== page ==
MARINE CORPS AIR STATION YUMA, Ariz. --
The machine-gun beat of helicopter rotors set the scene at a remote desert airfield as sweat-drenched, dirt-covered Marines loaded onto CH-53D Sea Stallions to begin the final exercise of the Weapons and Tactics Instructor course May 15, 2010.
Company A, 1st Battalion, 1st Marine Regiment, bearing the call sign “Red Death,” completed a helicopter-borne raid at the Barry M. Goldwater Range in Arizona to more closely integrate themselves with aerial support.
The infantry Marines jumped at the chance to train with helicopters for their upcoming deployment with the 13th Marine Expeditionary Unit. Companies B and C completed similar training on May 3, 2010.
“Helicopter operations are what are going on in Afghanistan right now,” said Staff Sgt. Francisco Romero, platoon sergeant with the battalion, which is based in Camp Pendleton, Calif.
It’s important for the battalion and company to understand the planning process in working with aircraft, said 2nd Lt. Alex Carney, weapons platoon commander with Company A. Training like this helps the ground troops understand what needs to be done when working with the aircraft.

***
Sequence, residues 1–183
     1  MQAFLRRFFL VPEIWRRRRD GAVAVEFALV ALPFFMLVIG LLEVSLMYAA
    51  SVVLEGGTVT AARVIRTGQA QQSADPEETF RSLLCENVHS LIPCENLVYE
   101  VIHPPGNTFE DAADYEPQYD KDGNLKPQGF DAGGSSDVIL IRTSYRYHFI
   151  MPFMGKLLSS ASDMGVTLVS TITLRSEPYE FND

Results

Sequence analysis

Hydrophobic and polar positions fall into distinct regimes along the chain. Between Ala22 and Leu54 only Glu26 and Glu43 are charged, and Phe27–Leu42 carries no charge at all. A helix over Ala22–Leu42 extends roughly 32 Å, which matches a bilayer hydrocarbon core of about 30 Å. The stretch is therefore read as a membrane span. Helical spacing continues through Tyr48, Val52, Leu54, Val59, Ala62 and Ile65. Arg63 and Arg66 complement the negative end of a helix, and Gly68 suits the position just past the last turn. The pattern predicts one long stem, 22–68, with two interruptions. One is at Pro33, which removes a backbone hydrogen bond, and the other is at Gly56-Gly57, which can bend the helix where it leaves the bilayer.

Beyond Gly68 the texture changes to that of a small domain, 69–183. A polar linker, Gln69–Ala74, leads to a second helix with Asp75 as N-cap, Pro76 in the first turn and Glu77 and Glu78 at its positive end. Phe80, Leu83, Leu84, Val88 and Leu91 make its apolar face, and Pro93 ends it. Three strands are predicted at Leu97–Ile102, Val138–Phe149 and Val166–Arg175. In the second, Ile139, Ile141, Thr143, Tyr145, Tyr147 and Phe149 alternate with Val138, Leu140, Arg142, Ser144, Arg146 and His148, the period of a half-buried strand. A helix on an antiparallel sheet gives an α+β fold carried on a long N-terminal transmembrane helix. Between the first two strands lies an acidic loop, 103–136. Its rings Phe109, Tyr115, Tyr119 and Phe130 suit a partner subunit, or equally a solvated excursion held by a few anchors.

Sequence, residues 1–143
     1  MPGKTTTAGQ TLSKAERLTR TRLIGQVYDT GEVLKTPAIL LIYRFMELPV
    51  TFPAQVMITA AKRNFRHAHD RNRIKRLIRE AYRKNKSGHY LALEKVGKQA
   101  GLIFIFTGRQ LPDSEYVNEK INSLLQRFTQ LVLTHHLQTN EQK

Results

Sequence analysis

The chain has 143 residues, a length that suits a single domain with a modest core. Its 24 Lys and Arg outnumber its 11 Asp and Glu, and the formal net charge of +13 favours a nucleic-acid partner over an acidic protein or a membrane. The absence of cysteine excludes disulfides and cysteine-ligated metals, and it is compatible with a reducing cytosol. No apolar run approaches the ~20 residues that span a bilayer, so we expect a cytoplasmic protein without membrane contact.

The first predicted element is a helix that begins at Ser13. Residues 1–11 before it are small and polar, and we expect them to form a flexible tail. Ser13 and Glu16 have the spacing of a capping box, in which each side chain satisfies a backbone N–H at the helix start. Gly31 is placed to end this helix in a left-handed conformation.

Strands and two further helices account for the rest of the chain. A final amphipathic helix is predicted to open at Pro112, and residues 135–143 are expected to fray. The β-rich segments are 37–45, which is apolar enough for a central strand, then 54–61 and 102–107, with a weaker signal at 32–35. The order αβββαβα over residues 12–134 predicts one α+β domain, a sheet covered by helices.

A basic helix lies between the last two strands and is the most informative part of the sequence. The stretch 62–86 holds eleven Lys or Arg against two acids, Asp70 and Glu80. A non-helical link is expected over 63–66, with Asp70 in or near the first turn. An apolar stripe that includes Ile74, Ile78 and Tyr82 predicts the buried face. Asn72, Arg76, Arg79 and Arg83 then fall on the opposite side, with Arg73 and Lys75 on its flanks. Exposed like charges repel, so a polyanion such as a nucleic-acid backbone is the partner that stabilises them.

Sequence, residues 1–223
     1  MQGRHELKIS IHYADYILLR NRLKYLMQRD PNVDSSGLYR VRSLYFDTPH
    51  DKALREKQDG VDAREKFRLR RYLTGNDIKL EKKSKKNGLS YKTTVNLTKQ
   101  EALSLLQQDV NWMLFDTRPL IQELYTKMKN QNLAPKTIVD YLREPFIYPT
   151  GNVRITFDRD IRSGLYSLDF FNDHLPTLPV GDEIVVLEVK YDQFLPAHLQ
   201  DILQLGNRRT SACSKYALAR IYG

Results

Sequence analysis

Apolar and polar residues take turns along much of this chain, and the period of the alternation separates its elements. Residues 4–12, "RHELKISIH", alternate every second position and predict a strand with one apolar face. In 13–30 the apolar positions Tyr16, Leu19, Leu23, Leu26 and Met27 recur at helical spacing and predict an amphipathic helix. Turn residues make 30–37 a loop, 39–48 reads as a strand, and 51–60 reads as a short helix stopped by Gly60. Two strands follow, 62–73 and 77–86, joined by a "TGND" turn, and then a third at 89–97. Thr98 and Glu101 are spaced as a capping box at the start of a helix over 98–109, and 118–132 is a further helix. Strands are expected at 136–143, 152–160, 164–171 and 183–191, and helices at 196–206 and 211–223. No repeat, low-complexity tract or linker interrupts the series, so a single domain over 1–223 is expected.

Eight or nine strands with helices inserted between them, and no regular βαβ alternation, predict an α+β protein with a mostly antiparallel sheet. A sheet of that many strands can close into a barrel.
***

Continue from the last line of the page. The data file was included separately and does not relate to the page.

After being dropped off near a simulated insurgent camp, the Marines divided themselves into three task-oriented platoons. The Marines used 360-degree security to cover the assault and support elements of the company as they opened fire on the camp.
Even while providing fire, the Marines still kept up communication with external support, calling in close-air forces and directing fire for a scout sniper team that was in place the night before.
“The Marines did outstanding and were very well-focused,” said Capt. James Richardson, company commanding officer. “We learned a lot of valuable lessons. We got dropped off farther than we expected, but the platoons still communicated well with each other, letting each know where the other was. It was an outstanding opportunity to have a tactical environment.”